That being said, I am going to be writing my own PDI stack in the near future, because of the requirements of a commercial project very similar to the one that had me writing such code last time.  It will be released to the public in a form that I believe will be far more modular and easy to integrate into other software projects.  More on that later.


Writing “nano-curses” for microcontrollers


My main contract these days is developing into a software stack that needs to both send a lot of debugging and status data, and receive commands over the serial debug port (which in the next generation will be Bluetooth…).  The problem is, I need to be able to deal with this in the main codebase in a relatively sane manner.  That means using xterm command sequences, but hiding them behind some kind of API. The obvious candidate would be curses, of course.

So, I’m developing a microcontroller version of curses, that’s intended to be as lightweight as possible given the complexity of the problem.  The first major cost is the terminal buffer, which has to be at least a byte for every character on the screen.  I might experiment later with a non-buffered curses, especially as this is not intended to run over “slow” connections in the first place (at least for my application).  The real challenge is going to be figuring out things like subwindow scrolling rules, and all the quirks like keeping track of the cursor when a tab is inserted, etc.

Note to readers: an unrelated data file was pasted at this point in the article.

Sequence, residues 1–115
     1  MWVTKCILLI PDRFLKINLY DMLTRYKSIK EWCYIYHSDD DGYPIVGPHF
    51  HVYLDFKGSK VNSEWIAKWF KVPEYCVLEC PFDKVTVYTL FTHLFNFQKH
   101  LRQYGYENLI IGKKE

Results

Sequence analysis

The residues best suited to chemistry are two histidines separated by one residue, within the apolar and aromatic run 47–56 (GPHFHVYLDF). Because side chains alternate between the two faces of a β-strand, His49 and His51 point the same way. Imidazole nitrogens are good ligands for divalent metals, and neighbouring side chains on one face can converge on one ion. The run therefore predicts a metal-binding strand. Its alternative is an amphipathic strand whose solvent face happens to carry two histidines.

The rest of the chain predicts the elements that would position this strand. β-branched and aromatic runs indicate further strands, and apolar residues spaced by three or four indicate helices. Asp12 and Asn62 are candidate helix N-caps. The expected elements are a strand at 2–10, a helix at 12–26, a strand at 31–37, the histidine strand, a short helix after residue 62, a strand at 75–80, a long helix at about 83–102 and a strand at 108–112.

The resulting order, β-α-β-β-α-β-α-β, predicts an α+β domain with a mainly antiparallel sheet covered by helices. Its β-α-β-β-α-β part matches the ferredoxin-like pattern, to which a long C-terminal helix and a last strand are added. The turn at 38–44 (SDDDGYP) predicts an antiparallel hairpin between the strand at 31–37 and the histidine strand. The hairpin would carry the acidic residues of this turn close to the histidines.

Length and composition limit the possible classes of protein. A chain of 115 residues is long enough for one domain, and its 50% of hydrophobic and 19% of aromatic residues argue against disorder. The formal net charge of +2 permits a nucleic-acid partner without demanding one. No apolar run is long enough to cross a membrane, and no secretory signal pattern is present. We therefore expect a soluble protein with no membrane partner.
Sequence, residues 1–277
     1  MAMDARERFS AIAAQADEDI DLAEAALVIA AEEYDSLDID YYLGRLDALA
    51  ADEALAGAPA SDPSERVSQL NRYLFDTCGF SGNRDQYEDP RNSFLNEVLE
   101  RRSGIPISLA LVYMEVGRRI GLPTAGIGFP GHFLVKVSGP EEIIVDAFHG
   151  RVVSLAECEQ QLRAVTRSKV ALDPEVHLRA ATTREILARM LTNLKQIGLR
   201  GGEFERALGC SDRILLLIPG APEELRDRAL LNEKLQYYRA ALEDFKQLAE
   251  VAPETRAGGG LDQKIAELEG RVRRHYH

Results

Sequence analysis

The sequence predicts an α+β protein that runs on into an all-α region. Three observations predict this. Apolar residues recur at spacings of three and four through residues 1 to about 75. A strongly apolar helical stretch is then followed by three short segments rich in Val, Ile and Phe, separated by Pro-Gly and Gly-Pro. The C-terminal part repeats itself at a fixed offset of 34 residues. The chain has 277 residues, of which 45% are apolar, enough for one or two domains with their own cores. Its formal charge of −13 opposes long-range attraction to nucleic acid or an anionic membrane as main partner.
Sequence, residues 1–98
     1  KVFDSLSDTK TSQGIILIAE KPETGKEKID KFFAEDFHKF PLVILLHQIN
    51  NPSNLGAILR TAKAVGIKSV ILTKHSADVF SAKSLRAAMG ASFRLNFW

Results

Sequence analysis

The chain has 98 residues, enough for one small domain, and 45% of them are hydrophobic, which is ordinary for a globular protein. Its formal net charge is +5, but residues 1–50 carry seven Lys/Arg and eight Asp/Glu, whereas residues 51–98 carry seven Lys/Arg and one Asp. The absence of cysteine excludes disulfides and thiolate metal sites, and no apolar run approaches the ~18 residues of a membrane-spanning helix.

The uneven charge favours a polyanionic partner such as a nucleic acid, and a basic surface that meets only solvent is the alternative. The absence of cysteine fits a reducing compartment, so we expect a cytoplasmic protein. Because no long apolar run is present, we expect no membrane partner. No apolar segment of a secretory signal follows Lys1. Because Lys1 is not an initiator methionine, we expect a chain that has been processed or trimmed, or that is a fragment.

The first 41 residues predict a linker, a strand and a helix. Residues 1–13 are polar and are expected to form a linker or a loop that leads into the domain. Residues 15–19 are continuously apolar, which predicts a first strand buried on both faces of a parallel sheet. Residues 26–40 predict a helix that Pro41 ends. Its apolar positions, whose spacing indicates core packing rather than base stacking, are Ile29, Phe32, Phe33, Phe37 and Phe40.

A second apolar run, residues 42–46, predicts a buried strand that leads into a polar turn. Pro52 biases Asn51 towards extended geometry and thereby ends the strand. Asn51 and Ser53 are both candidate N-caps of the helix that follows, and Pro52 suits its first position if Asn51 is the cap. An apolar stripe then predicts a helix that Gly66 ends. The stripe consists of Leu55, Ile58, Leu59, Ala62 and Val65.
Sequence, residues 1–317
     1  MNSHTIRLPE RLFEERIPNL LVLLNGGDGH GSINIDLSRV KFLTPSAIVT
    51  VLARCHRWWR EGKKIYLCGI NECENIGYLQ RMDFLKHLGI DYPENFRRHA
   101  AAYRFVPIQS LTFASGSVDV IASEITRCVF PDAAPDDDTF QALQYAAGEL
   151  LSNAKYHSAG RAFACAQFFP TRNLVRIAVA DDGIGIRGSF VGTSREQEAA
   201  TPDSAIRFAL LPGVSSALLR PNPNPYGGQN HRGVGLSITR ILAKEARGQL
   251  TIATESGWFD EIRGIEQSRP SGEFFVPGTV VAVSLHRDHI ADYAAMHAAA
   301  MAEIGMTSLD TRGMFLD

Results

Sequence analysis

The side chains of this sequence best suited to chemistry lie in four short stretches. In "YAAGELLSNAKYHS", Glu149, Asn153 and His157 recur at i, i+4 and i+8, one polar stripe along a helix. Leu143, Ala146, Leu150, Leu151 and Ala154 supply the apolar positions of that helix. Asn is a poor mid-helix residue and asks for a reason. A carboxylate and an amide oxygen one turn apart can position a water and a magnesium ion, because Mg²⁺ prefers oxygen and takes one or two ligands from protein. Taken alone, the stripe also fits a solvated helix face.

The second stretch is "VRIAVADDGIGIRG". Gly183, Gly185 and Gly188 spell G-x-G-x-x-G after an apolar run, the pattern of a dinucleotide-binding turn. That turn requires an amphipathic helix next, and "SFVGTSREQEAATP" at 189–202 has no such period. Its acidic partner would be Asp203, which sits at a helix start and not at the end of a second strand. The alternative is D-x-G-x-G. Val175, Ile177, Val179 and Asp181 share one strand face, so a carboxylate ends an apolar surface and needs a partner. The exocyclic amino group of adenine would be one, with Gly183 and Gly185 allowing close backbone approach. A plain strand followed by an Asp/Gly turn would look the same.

I plan on releasing this code as open-source once it’s reasonably usable, and I have somewhere on my as-yet-nonexistant website to put it…


“Rev 1” Xmega adapter art


I’d mentioned a post or so back that I found assembly costs to suffer from the use of QFN chips, and that I was going to redesign the Xmega adapters to use PQFP instead.  Here they are: